SIAC arbitration order against Rs 24,713 cr deal with RIL not 'enforceable, binding': Future Retail
Future Retail on Sunday said the emergency order passed by the Singapore International Arbitration Centre (SIAC) putting its Rs 24,713-crore deal with Mukesh Ambani-led RIL on hold is not "enforceable and binding", and any move to enforce it would be "resisted" by the company
Future Retail on Sunday said the emergency order passed by the Singapore International Arbitration Centre (SIAC) putting its Rs 24,713-crore deal with Mukesh Ambani-led RIL on hold is not "enforceable and binding", and any move to enforce it would be "resisted" by the company.
The interim award passed by the Emergency Arbitrator (EA) of SIAC last week over the plea of Amazon.Com NV Investment Holdings LLC are "void and coram non-judice", said Future Retail Ltd (FRL) in a regulatory update.
According to FRL, the EA order was passed in arbitration proceedings initiated by Amazon by invoking an arbitration clause in a contract to which FRL is not a party, it added.
"FRL is advised that an Emergency Arbitrator has no legal status under Part I of the Indian Arbitration and Conciliation Act, 1996 and therefore, the proceedings before an Emergency Arbitrator are void and coram non-judice," the Kishore Biyani-led company said.
The EA order having been passed by an authority without jurisdiction is a nullity under Indian law, it added.
Last Sunday, the SIAC passing an interim award in favour of Amazon had asked the Future group to put the deal on hold and said that the deal cannot go through until it finally decides the matter.
In the interim arbitration award, a single-judge bench of V K Rajah barred Future Retail from taking any step to dispose of or encumber its assets or issuing any securities to secure any funding from a restricted party.
"The EA order is not enforceable under the provisions of the Arbitration and Conciliation Act, 1996 and is not binding on FRL. Any attempt on the part of Amazon to enforce the EA order shall be resisted by FRL to the fullest extent available under Indian law. FRL is also in the process of taking appropriate legal action to protect its rights," the Future group firm said.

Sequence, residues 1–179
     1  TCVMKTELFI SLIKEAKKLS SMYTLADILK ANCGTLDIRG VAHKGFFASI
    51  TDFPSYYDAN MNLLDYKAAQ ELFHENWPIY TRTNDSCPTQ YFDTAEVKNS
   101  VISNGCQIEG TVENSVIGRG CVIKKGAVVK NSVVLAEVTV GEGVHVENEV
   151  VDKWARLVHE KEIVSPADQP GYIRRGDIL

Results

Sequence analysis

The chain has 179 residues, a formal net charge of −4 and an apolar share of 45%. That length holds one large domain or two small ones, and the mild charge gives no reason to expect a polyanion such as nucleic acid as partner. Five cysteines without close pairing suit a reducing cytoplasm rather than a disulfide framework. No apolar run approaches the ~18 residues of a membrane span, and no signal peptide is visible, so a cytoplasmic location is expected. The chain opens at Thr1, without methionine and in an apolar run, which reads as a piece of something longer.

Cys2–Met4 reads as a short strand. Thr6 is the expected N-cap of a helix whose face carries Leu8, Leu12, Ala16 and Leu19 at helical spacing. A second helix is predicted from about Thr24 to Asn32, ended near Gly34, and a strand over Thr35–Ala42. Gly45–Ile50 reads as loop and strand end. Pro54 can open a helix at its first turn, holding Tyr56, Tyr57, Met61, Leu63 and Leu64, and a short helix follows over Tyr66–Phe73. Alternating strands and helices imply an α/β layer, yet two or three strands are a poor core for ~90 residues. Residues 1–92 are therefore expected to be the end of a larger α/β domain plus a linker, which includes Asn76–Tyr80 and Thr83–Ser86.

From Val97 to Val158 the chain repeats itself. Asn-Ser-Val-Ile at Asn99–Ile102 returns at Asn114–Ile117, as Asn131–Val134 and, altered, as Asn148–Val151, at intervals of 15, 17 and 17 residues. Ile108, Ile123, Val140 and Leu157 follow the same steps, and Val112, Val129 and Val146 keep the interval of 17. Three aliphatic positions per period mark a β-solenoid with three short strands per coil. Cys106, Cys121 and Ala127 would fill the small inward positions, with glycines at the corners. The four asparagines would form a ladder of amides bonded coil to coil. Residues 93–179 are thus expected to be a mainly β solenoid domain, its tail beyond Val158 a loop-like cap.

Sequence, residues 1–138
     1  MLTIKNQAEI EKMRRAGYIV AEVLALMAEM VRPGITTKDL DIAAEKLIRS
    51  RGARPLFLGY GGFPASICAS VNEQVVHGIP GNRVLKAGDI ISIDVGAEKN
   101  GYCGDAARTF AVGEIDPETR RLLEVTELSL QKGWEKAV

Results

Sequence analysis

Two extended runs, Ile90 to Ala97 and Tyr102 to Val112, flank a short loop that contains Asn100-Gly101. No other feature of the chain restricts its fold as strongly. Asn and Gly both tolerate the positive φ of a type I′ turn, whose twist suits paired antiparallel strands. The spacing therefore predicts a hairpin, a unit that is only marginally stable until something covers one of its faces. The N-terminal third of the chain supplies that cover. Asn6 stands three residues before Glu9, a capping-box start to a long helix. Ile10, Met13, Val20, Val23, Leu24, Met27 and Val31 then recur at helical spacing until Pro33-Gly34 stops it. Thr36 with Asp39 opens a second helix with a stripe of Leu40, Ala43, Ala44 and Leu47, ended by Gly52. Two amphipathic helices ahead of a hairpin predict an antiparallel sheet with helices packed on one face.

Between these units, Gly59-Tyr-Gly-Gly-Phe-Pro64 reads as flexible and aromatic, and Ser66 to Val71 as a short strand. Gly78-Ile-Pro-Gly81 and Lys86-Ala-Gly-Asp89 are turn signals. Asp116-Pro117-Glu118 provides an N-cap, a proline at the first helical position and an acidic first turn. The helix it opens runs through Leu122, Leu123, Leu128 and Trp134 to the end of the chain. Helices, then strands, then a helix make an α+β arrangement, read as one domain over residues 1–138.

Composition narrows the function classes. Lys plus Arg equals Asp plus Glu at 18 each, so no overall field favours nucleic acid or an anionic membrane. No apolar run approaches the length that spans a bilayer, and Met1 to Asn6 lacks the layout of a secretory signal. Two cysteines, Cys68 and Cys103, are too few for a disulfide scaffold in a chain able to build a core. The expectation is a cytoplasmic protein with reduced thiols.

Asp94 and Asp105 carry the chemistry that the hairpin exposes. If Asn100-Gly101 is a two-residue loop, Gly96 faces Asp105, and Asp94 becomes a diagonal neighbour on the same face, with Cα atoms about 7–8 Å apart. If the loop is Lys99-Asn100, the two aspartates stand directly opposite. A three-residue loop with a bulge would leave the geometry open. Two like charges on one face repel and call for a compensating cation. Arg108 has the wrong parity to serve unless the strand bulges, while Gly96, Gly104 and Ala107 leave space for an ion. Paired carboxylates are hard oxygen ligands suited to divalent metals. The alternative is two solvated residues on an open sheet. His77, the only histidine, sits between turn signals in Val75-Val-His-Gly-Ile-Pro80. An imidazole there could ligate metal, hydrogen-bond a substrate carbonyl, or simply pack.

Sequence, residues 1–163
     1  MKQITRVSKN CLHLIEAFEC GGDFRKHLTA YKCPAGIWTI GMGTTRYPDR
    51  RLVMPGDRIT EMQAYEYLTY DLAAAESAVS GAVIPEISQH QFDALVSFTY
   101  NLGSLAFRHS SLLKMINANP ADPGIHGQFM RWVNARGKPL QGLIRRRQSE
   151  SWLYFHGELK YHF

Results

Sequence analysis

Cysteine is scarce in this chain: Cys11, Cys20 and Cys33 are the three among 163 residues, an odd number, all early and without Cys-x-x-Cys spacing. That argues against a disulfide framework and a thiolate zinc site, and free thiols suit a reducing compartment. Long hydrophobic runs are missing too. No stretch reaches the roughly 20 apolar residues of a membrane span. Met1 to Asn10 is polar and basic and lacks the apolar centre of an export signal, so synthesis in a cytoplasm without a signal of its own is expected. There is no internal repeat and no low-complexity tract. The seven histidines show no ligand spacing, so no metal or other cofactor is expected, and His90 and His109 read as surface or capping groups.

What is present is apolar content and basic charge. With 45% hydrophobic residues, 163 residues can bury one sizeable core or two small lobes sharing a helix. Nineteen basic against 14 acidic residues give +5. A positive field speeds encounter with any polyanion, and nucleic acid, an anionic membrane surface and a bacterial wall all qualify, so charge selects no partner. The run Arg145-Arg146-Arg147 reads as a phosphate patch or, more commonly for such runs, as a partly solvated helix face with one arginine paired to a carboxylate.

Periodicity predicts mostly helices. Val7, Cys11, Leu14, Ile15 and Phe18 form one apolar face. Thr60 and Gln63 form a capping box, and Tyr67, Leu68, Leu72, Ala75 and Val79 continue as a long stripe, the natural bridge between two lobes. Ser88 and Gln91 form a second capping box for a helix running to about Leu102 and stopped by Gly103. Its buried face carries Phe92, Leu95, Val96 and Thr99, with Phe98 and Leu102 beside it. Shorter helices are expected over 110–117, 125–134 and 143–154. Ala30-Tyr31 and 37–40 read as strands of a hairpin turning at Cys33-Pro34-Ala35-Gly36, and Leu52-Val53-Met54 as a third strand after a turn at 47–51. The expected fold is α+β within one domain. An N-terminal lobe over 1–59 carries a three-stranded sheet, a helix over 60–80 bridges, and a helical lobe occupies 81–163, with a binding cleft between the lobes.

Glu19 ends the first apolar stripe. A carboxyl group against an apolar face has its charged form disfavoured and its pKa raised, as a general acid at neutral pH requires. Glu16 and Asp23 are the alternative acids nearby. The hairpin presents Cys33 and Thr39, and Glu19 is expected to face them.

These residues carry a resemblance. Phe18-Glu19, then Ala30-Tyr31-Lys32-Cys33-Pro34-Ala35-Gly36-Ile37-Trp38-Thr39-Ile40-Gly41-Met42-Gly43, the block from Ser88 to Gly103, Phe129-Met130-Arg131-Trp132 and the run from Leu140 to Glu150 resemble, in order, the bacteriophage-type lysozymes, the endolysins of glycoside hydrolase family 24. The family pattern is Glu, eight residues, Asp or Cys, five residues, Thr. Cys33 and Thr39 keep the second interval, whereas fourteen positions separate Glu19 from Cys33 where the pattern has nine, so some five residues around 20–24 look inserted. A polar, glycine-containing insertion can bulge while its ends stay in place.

It has also said "the bourses BSE and NSE ought not to take cognizance of Amazon's letter or the EA order" as FRL has complied with all the requirements of obtaining the requisite approval from its step-down firm Future Coupons Private Ltd (FCPL) as was required in the shareholders agreement executed by FRL with its promoters.
"FRL is undergoing serious financial difficulties, particularly in light of the unprecedented impact of the COVID pandemic" and "the proposed scheme is the only way, it can come out of the situation".
The scheme is in the best interest of all stakeholders that includes shareholders, financial institutions, vendors and suppliers, and its employees and delay in the implementation "will cause irreparable losses" to all, FRL said.
Earlier Amazon.Com Inc complained to India's market regulator SEBI that FRL misled shareholders by incorrectly saying it was complying with its contractual obligations to the US e-commerce giant.
Over the process, the Future group firm said that consent for scheme was accorded by the Board of Directors of FRL at a properly constituted meeting held on August 29, 2020.
"The said board resolution, as well as actions taken in pursuance of the same are consistent with the Articles of Association of FRL and remain valid and subsisting," it said.
Online retail giant Amazon had last year acquired a 49 per cent stake in Future Coupons Private Ltd, the promoter entity which owns a 7.3 per cent interest in Future Retail, the operator of more than 1,500 stores in India including grocery chain Big Bazaar.
Amazon's investment in Future Group came with contractual rights that include a right of first refusal and a non-compete-like pact. Also, the deal came with the right to buy into their flagship, Future Retail, after a period of between 3 and 10 years.
On August 29, 2020, the Future group announced sale of its retail, wholesale and logistic etc to Reliance Retail Ventures Limited, the retail arm of the Reliance Industries (RIL).
Amazon, Reliance and Walmart Inc's Flipkart are in a battle to gain market share in India, where millions of middle-class customers are newly adopting online purchases of food and groceries due to the COVID-19 pandemic.
The booming e-commerce market in the country will be worth USD 86 billion by 2024, according to research firm Forrester.
The stakes are particularly high for Amazon, which believes India is a big growth market after shutting its online store in China last year.
The oil-to-telecom conglomerate Reliance has since September 9 sold an 8.48 per cent stake in its retail unit to investors such as Silver Lake, KKR and Mubadala for Rs 37,710 crore to expand its so-called new commerce venture, which uses neighbourhood stores for online deliveries of groceries, apparel and electronics.
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The firm, whose retail operations already runs close to 12,000 stores, is looking to dislodge Amazon and Flipkart, which together control about 70 per cent of the online market in India.
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